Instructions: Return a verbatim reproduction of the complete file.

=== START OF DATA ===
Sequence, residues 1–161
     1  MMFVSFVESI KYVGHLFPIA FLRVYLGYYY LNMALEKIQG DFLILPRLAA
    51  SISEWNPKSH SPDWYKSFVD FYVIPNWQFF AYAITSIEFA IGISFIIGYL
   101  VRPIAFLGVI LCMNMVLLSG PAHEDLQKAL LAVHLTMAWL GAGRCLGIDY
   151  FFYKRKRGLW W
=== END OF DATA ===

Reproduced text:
Sequence, residues 1–161
     1  MMFVSFVESI KYVGHLFPIA FLRVYLGYYY LNMALEKIQG DFLILPRLAA
    51  SISEWNPKSH SPDWYKSFVD FYVIPNWQFF AYAITSIEFA IGISFIIGYL
   101  VRPIAFLGVI LCMNMVLLSG PAHEDLQKAL LAVHLTMAWL GAGRCLGIDY
   151  FFYKRKRGLW W